Probably not worth all the effort put in, but at least another 0.09 saved from the bin! Thanks everyone for all your help, it helped me to keep my unbroken record of freeing up castor glued engines. I owe both Cox Int and Ex Model Engines an apology. They both have the correct tool for this older 0.09. A perusal at 3am in the morning with a foul temper didn't help!

Thanks again,

Andrew.
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Help! Re: Stuck TD 0.9

Post  ian1954 on Fri Jul 26, 2013 7:31 am

Andrew - There is no gasket as standard between the backplate and the crankcase.
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Help! Re: Stuck TD 0.9

Post  pkrankow on Fri Jul 26, 2013 8:09 am

Thumbs Up cheers Clapping 
Good one! Glad to hear the success.

Thumbs Up cheersClapping

Phil
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Help! Re: Stuck TD 0.9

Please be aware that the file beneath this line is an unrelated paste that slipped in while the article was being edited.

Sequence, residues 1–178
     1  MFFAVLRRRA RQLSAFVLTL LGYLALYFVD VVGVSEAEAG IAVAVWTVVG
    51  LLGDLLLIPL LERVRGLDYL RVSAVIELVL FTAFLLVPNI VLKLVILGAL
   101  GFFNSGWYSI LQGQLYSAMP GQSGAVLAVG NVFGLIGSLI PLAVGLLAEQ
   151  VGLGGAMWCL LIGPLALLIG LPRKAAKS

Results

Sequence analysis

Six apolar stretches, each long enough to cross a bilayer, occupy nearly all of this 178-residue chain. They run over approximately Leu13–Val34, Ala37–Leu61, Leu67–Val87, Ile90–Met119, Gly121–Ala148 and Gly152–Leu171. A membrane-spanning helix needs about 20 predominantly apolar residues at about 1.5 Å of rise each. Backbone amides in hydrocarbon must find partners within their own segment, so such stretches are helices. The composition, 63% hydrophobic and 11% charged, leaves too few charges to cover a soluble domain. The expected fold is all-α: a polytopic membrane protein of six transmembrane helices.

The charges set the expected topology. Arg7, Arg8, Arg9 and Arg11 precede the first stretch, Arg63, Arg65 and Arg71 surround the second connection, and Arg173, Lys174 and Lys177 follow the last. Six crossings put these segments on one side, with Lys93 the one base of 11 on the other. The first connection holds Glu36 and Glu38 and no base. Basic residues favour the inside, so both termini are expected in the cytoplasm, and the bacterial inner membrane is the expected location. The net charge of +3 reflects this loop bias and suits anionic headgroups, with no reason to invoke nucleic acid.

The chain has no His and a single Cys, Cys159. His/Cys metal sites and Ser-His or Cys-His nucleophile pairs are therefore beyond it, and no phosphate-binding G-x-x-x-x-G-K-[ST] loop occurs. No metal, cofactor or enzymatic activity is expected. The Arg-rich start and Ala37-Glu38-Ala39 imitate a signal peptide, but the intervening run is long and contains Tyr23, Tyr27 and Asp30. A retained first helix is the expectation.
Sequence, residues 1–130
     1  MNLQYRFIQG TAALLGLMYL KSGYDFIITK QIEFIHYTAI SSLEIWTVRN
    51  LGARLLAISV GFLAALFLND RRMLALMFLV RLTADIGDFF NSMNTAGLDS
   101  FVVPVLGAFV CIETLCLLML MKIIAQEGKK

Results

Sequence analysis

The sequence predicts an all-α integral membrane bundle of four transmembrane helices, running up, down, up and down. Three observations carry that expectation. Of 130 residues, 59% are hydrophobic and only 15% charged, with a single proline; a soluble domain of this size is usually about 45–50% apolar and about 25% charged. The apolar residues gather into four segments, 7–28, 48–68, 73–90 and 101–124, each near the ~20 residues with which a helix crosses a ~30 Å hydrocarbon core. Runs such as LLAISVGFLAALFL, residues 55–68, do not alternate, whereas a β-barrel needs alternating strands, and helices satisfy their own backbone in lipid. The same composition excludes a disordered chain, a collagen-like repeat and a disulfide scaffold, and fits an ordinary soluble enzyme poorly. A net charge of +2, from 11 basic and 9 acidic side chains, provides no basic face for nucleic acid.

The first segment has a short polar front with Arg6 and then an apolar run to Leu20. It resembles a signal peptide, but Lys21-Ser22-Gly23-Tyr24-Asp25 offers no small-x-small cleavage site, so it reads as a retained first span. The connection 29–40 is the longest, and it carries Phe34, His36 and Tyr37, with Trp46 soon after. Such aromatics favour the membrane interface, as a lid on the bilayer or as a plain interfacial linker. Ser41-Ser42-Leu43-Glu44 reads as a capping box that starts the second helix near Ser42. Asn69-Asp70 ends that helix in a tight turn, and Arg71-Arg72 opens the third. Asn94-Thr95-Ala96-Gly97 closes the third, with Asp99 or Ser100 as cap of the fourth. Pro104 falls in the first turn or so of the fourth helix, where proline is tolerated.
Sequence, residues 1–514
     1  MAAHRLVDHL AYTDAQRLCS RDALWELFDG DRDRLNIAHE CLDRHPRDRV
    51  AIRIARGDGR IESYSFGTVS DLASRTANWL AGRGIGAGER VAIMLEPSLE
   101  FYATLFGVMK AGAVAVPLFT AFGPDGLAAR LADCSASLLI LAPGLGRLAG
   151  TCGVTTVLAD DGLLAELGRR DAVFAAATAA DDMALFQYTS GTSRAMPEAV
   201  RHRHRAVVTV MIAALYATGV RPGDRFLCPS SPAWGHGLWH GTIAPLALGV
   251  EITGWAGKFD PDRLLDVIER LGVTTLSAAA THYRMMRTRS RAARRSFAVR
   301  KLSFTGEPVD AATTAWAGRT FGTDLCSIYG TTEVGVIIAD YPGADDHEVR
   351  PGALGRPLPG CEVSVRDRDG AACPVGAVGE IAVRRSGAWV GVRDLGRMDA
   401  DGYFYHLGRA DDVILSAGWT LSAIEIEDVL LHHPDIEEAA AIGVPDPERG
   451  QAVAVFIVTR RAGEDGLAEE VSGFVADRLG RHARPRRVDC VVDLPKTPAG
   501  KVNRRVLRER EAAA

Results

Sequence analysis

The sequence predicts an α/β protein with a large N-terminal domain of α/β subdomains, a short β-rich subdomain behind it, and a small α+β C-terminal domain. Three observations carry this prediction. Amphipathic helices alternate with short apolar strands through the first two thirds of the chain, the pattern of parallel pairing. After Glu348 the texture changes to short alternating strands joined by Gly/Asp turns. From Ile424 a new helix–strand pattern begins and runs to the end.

Post  Cribbs74 on Fri Jul 26, 2013 8:24 am

Andrew,

Glad you got it freed up! Ian is correct there is no gasket beetween the crankcase and bacplate. Also, I noticed you mentioned a red plastic carb body. The TD .09 always has a black one, you usually find the red carb bodies on TD .051's

Ron
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Help! Re: Stuck TD 0.9

Post  WingingIt74 on Fri Jul 26, 2013 8:29 am

Take your intake off and heat up the engine with a heat gun. Works for me every time.
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Help! Re: Stuck TD 0.9

Post  tonsberg on Fri Jul 26, 2013 8:34 am

Ron,
You are quite correct about the colour being BLACK! I have not been able to get any sleep last night due to a very painful medical muscular condition. So I am not at my best and that is the second stupid mistake that I have made today! I shall leave my gasket in place, because I have had enough of Cox 0.09 backplates for the moment. I shall take heed that there isn't a gasket on the TD series backplates, I really couldn't remember!

Thanks for the corrections,

Andrew.
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Help! Re: Stuck TD 0.9

Post  Cribbs74 on Fri Jul 26, 2013 8:48 am

No worries Andrew, I hope you can get some sleep. Correct colors and what goes where is only minor stuff anyway. Take care!

Ron
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Help! Re: Stuck TD 0.9